I am intricately aware of the importance of training military physicians and medics with the best available teaching tools. Unfortunately, the current use of live animals within Army and Navy training courses is an inferior model.

The ideal training paradigm for military trauma and casualty preparedness combines simulation tools and trauma center training. In this context, the use of live animals is inferior to simulation for specific skills training and inferior to trauma centers for human-specific training similar to the battlefield experience. Continued appropriate use of simulation, continued efforts to develop and implement improved simulation tools, cadaver use, and expansion of the trauma center training initiative will best prepare our military medical personnel to save soldiers.

Likewise, superior nonanimal training methods exist that could replace the use of vervet monkeys in the DoD’s chemical casualty management training. Researchers with the Israel Defense Forces Medical Corps and Israel’s Carmel Medical Center have developed a nonanimal training curriculum for the medical management of patients exposed to nuclear, biological, and chemical weapons.16 The course includes lectures, simulation training, and the use of moulaged actors.

The Use of Live Animals Violates the DoD’s Regulation on Animal Welfare

Given the availability of nonanimal alternatives to the use of animals in combat trauma training and chemical casualty management courses, the DoD’s continued use of animals in these programs constitutes a violation of its own animal welfare regulation. Known as Army Regulation 40-33, Secretary of the Navy Instruction 3900.38C, and Air Force Manual 40-401(I), The Care and Use of Laboratory Animals in DOD Programs requires that, “Alternative methods to the use of animals must be considered and used if such alternatives produce scientifically valid or equivalent results to attain the research, education, training, and testing objectives.”17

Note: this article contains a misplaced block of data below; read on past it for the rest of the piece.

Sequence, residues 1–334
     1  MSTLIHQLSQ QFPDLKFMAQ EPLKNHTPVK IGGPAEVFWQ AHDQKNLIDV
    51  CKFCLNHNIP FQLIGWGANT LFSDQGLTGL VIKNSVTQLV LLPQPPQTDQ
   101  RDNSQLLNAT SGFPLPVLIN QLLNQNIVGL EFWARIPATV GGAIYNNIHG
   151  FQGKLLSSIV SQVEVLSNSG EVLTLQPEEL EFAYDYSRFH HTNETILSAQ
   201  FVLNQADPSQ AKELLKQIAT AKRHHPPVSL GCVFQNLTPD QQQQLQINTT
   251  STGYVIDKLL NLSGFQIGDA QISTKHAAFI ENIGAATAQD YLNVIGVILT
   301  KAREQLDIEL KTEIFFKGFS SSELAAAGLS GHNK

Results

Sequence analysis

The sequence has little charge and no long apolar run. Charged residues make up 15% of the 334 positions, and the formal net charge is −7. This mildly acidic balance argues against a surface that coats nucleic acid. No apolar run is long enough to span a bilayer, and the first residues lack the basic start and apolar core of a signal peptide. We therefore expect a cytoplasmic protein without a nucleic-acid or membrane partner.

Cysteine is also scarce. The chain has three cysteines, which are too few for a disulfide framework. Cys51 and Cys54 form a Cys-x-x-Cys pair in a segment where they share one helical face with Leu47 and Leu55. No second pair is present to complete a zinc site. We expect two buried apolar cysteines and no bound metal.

The DoD’s animal welfare regulation also prohibits inflicting injuries on nonhuman primates “to conduct training in surgical or other medical treatment procedures,”18 including injuries caused by “Acute poisoning…resulting from exposure to a toxic or poisonous substance.”19 As a result, the DoD’s chemical casualty management training program involving vervet monkeys constitutes a violation of its own animal care and use regulation.


Multi-faceted approaches to improving the educational value of these courses are crucial considering the ethical imperatives to eliminate the use of animals whenever possible and advance healthcare for U.S. military troops, the existence of superior nonanimal alternatives, and the DoD’s own regulation requiring the use of such alternatives when available. In addition, the growing medical challenges presented by unconventional warfare in Iraq, Afghanistan, and elsewhere require that the Army, Navy, and other DoD agencies collaboratively solve this problem. Considering these imperatives, the DoD should immediately implement human-centered teaching methods in its combat trauma and chemical casualty management courses.